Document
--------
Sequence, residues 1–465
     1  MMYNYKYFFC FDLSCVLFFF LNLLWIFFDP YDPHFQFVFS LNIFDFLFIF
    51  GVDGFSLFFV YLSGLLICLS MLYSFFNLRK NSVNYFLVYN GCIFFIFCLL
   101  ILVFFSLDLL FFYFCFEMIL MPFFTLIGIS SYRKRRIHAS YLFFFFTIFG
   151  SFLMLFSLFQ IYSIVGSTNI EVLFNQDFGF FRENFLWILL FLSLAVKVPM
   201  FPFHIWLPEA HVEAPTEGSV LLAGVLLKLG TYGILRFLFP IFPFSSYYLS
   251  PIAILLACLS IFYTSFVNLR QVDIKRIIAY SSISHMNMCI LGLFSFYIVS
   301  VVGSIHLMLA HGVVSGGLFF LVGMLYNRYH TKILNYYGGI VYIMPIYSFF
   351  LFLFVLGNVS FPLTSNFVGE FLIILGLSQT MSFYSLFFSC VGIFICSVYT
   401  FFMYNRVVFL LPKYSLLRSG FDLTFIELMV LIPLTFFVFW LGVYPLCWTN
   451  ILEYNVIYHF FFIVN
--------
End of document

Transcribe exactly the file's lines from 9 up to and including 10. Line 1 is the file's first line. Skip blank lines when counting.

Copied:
   351  LFLFVLGNVS FPLTSNFVGE FLIILGLSQT MSFYSLFFSC VGIFICSVYT
   401  FFMYNRVVFL LPKYSLLRSG FDLTFIELMV LIPLTFFVFW LGVYPLCWTN